Acid-free refers to paper and paper products with a pH value of 7 or a bit higher. pH is a standard, scientific scale from 0 to 14 used to measure the level of acid in a substance. Values between 0 and 7 are considered acidic and values higher than 7 are basic.
Paper is made using a wood-based pulp that naturally contains lignin. This chemical causes paper to yellow and deteriorate over time. When paper that is exposed to heat or light, the lignin in the paper causes the molecules to break down at a faster rate. William Barrow, who published a report on the deterioration of acidic paper, first documented the significance of this process in the 1930s. As a librarian, he was deeply concerned that entire collections of valuable written materials would be lost.
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As a result of his efforts, and widespread recognition of the importance of printed materials, acid-free paper is now the industry standard. Acid-free pamphlet boxes and other specialty products are available to libraries and museums to help preserve documents that were created on paper with a high acid content. In addition to these steps, the paper surface can be treated to minimize the deterioration over time. Paper material that can accept this chemical treatment must meet a certain standard of quality. Very old paper is usually best preserved by placing it is a case away from light, heat and people.
In the paper making process, acid-free paper is treated with calcium or magnesium bicarbonate. These chemicals neutralize the natural acids in the wood pulp. The chemical mixture is absorbed by the pulp and helps to stop new acid from forming. Once treated, this paper has an alkaline reserve of two percent or greater. The paper materials made with this process will be preserved for at least 100 years.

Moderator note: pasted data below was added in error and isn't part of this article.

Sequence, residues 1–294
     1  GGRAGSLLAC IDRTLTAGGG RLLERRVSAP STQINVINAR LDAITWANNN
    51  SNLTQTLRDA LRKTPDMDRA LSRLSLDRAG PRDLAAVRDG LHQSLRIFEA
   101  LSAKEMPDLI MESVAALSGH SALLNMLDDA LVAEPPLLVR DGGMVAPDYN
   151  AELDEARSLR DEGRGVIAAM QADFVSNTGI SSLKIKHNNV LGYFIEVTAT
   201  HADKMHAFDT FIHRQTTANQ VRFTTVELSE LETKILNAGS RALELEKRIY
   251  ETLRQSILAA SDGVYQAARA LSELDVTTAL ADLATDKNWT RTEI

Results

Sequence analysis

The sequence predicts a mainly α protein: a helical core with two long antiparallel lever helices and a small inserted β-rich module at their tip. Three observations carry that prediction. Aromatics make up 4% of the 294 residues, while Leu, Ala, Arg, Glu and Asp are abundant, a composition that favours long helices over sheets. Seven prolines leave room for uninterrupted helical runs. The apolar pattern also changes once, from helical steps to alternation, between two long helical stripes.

The shift to acid-free paper has an additional environmental benefit. This process uses chalk instead of clay as filler in the pulp. The changes in materials has resulted in fewer corrosive chemicals, both in the factory and in the wastewater. Creating paper requires a significant amount of water, and the acid-free process allows the same water to be treated and reused.
Specially designed archival paper that is 100% acid-free is often used for legally significant or historical documents. This type of paper has a longer life span than the 100 years provided by acid free paper. Typically made of cotton or other fabric material, this paper is more expensive, thicker and is sold through archival supply stores.